We use the phrase self-esteem to talk about the beliefs we have about ourselves – what we think about the type of person we are, our abilities, the positive and negative things about ourselves.
When have healthy self-esteem, the beliefs about ourselves will generally be positive. We may experience difficult times in life, but we are generally able to deal with these without them having too much of a long-term negative impact.

However, if we start to develop low self-esteem, the beliefs about ourselves will become more and more negative and we will tend to focus on our weaknesses, or mistakes that we have made. This makes it hard to recognise the positive parts of our personality. We may also blame ourselves for any difficulties or failures that we have.
Some factors that can contribute to low self-esteem include:
• Difficult childhood experiences – negative experiences in childhood, such as bullying, difficult family relationships or having a hard time at school, can be particularly damaging for our self-esteem.
• Difficult life events – difficult experiences as an adult, such as the end of a relationship, long-term illness, the death of someone close or being unemployed, can lower our self-esteem, particularly if you experience several difficult events over a short period of time.
• Feeling ‘different’ – feeling like the ‘odd one out’, or under peer pressure to conform to social norms we don’t necessarily agree with.
• Relationships with other people – other people may feed into our low self-esteem, being negative about us or making us feel like we have little worth… Or feeling we don’t live up to other people’s expectations.
• Stress and excessive pressure – if we are under a lot of stress and finding it hard to cope, this can lead to feelings of low self-worth.
• Negative thinking patterns – we may learn or develop thinking patterns that reinforce low self-esteem, such as constantly comparing to others or developing high standards for ourselves that we can’t achieve.
• Trauma, abuse or bullying – trauma, physical, sexual or psychological abuse and bullying can all lead to feelings of guilt and low self-worth.
• Mental health problems
What can I do to build my self-esteem?
In order to increase your self-esteem, you need to challenge and change the negative beliefs you have about yourself and work on giving yourself some of that love you freely give to everyone else. Which brings me nicely onto..



Two of the most powerful or equally destructive words.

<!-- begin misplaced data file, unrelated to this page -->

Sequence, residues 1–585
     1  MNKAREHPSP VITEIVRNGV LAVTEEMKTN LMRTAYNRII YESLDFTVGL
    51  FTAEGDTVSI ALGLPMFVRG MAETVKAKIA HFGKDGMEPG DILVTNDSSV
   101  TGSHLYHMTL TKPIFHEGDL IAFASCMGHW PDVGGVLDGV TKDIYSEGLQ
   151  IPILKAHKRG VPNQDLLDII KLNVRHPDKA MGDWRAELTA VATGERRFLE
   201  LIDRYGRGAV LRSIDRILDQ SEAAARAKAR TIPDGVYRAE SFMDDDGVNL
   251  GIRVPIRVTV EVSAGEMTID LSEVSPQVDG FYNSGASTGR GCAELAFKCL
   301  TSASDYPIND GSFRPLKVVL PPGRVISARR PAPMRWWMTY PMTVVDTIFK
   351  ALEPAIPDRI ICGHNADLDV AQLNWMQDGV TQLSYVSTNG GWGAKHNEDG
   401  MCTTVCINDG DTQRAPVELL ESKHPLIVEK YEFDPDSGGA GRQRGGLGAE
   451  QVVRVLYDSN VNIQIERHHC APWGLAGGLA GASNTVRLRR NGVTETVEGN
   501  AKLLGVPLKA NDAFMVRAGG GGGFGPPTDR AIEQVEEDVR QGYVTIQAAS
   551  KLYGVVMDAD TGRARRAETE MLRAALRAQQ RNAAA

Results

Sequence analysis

What are you telling yourself you are?

Often we’re not even aware or even realise just how much we criticize ourselves. Pull ourselves down and punish ourselves.


Would you speak to your daughters or your friends the way you speak to yourself?
NO. So why is it Ok to speak to yourself like this?
Start to notice those thoughts, those ‘I’m useless’, ‘ I’m not clever enough, not pretty enough, I’m too fat, I’m just a failure, I’m a waste of space type thoughts that you allow to control your mind. – Start to question these thoughts, are they REALLY true? Who’s voice is it? Challenge them!
These thoughts are not true, they are simply repeated words that have become your belief, albeit negative belief about WHO YOU ARE!!!
Start to repeat positive affirmations to yourself, see this inner critic for what it it! You created it and you can undo it.

– “You’ve been criticizing yourself for years and that hasn’t worked, try approving of yourself and see what happens ~ Louise Hay

This might feel like an impossible task, but there are a lot of different techniques you can try to help you including alternative therapies such as EFT (Tapping), Mindfulness and Hypnotherapy.

Learn to be more assertive

Being assertive means you value yourself and others, and can communicate with mutual respect. It will help you to set clear boundaries.
The following things will help you act in a more assertive way: 

  • Express your feelings if you have been upset – wait until you feel calm and explain clearly how you feel.
  • Saying ‘NO’ if you don’t want to do something, stop people pleasing and start putting yourself first for a change.
  • Tell people if you need more time or support with tasks that you find challenging.
    Speak in the first person where possible – e.g. ‘When you speak to me like that, I feel… ’. This allows you to explain what you want to happen without appearing aggressive or scared. Its about YOU and how you feel.
    I call these I messages.
    Assertiveness can be a difficult skill to learn, but like with anything the more you practice the more your confidence will increase until it comes naturally!


It is so important to set some time aside for yourself. To recharge your batteries so to speak. This can be in the form of exercise, a massage, a meal out with your besties, a meditation class or a couple of hours reading or listening to your favourite music.

Start a journal, log your feelings, the things you are grateful for, reflect on your day and note the positive things that happened, this will retrain your brain to search for the good in every day.
If you just haven’t got time, then that’s even more of a reason to start scheduling some self care time into your life! You need this and you deserve it.

Self care is by no means selfish, its essential. What good are you to anyone if you’re running on empty.. stressed out and frazzled.

Good luck. You got this!

Fancy finding out more about the work I do and how it may help you to get your mojo back?

Contact me here.

Mel x